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posted by LaminatorX on Thursday March 06 2014, @05:30AM   Printer-friendly
from the CQluaasnstiucmal-Superposition dept.

AnonTechie points us towards updates on the evaluation of D-Wave's annealing devices.

From's reporting on the latest tests:

With cutting-edge technology, sometimes the first step scientists face is just making sure it actually works as intended. The USC Viterbi School of Engineering is home to the USC-Lockheed Martin Quantum Computing Center (QCC), a super-cooled, magnetically shielded facility specially built to house the first commercially available quantum computing processors; devices so advanced that there are only two in use outside the Canadian lab where they were built. The first one went to USC and Lockheed Martin, and the second to NASA and Google. Since USC's facility opened in October 2011, a key task for researchers has been to determine whether D-Wave processors operate as hoped using the special laws of quantum mechanics to offer potentially higher-speed processing, instead of operating in a classical, traditional way.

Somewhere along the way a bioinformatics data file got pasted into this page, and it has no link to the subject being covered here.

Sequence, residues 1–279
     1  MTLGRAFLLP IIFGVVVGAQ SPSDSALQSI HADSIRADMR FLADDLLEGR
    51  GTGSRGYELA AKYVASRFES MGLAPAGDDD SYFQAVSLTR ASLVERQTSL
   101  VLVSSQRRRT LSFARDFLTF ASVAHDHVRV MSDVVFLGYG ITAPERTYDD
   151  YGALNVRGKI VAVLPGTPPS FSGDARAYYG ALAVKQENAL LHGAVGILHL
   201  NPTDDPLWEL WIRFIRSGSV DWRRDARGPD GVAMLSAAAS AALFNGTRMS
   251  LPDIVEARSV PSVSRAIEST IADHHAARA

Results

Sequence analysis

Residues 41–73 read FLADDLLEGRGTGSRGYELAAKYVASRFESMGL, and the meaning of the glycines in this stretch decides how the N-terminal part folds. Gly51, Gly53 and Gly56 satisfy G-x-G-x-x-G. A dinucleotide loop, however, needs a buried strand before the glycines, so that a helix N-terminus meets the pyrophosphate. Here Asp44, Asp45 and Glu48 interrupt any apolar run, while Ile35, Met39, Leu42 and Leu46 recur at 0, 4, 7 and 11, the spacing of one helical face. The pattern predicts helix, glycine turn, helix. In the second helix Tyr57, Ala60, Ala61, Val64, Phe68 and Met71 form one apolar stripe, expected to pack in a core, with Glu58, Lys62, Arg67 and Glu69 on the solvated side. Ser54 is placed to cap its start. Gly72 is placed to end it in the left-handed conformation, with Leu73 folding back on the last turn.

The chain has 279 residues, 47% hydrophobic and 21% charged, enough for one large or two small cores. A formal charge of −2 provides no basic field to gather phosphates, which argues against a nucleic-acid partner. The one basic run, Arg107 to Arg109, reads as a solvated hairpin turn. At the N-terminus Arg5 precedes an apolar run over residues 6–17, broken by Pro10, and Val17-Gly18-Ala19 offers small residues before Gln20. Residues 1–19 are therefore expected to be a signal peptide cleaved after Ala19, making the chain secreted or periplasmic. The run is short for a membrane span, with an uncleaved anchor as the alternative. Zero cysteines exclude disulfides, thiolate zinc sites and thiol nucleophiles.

(Background at Time, for those unfamiliar.)

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  • (Score: 5, Informative) by dl6125 on Thursday March 06 2014, @11:05AM

    by dl6125 (1802) on Thursday March 06 2014, @11:05AM (#11870)

    The D-Wave device uses qubits based on superconducting Josephson junctions. The physics behind them has been well understood for some time. D-Wave's advances have been more in engineering than fundamental physics. For example, a significant problem they had to solve was how to reliably manufacture large number of these qubits to within the required tolerance.

    There has so far been no rigorous validation that the devices really do give a quantum speedup. This recent preprint [] claims to reproduce the device's behaviour using a classical model. Also, D-Wave's device is only designed to solve a specific optimization problem. It is not capable of universal computation or factoring numbers using Shor's algorithm.

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  • (Score: 1) by acapulco on Thursday March 06 2014, @04:27PM

    by acapulco (1873) on Thursday March 06 2014, @04:27PM (#12031)

    Ah, I see. Being more of an engineering advance sound reasonable. Interesting. Thanks for the insight. I really wasn't aware (no surprise.. I'm no physicist) that the underlying theory was well known.